Some of the financial organizations toughening rules related to porn say they’re doing it to protect people from sex trafficking. Do you think those claims are genuine?

“Sex trafficking and working in the porn industry are two different things. A lot of people – the majority of people – working in the adult industry [do it] by choice, not because there has been sex trafficking. Going against the adult industry in general is not going to solve sex trafficking.”

“Going against the adult industry in general is not going to solve sex trafficking”

Dr Cendrine Chappuis

You also suggested that most sex workers are in their industry through choice – do you really think that’s the case?

“Yeah, based on having discussions with many sex worker associations… many, many sex workers confirmed the fact that it’s a choice. It’s a life choice. Absolutely.”

Sure, but there’s a whole other side of sex work involving people forced into the industry, who won’t be showing up in statistics and through some associations…

“Yes, definitely… unfortunately, most of the time they are in a position where they cannot seek help. They are in a situation where someone holds their passport or whatever, and they really lost freedom. It’s not only sex trafficking, it’s human trafficking.”

Do you think there’s a risk that the ‘Instagram’ version of sex work, being all about empowerment and enterprise, ignores a lot of the reality of the lives of people forced into it?

“I can understand that some people like are gonna say, ‘I’m doing sex work because I need to put food on my table’… so in this situation can we really talk about choice? It’s a long debate that we can have… for me, even if you are in a very difficult financial situation, you are still making this step to go there. I know some people are going to say, ‘Hold on, no, it’s not true. It’s really not my choice. I had no other choice’.”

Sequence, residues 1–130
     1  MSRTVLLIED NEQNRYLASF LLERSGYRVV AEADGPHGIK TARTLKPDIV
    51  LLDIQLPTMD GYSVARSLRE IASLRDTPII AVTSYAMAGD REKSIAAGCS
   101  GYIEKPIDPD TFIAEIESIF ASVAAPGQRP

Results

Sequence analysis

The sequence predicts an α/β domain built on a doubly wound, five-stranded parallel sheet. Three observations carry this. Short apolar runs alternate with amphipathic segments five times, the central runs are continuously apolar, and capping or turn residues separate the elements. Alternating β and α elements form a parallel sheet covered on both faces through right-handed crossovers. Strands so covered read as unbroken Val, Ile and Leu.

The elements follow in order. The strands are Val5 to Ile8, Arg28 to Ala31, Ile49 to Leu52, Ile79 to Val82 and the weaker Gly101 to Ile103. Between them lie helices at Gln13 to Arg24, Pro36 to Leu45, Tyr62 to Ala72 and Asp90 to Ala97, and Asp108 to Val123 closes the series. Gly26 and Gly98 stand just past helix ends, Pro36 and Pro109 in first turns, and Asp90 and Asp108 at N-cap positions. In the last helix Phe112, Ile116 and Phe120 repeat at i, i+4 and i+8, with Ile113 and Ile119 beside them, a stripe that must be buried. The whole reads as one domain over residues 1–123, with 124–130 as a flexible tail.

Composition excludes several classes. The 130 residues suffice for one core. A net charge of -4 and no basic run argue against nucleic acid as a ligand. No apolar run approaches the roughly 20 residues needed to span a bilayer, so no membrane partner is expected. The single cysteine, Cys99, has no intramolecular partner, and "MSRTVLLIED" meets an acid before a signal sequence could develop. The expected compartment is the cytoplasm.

What kind of survival are you talking about, at the Sex Worker Survival Summit?

“It’s not survival, like, marketing for your OnlyFans. It’s more giving access to basic knowledge. What kind of self-defence can you learn? What do you need, to be careful when you go somewhere? What should you check? ‘I need a doctor or therapist’ – we can help. Or, ‘I need a lawyer, but I need a sex worker-friendly lawyer’.”

What’s a good example of a safety tip you’ll discuss?

“For people webcamming, we explain basic things like being careful with your surroundings, because people can stalk you by, for example, seeing if you have a window behind you, what we can see through the window – we could find where you are. People sometimes forget about that.”

What’s another good tip?

“In the US there is this thing in the law: if you are in your backyard and you do a porn scene there, even if it’s your own backyard of your own house, if you neighbour might think that objectively [objecting to the filming], it’s not OK, and it’s gonna be a legal issue for you.”

A lot of people might quite like that going on in their neighbour’s yard.

“In the US there is an issue with the definition of obscenity: what is obscene and what is not.”

Finally, what trends are you noticing among your camming clients?

“There are many people using multiple platforms. I always say, from a business point of view you need to be careful, because if something goes wrong and you are only on one platform, this is your only source of income. If it stopped tomorrow, what do you do? I’m suggesting to people that they should be on multiple platforms. All the models, they don’t use it [power] enough: they are the one making the rules, not the platform.”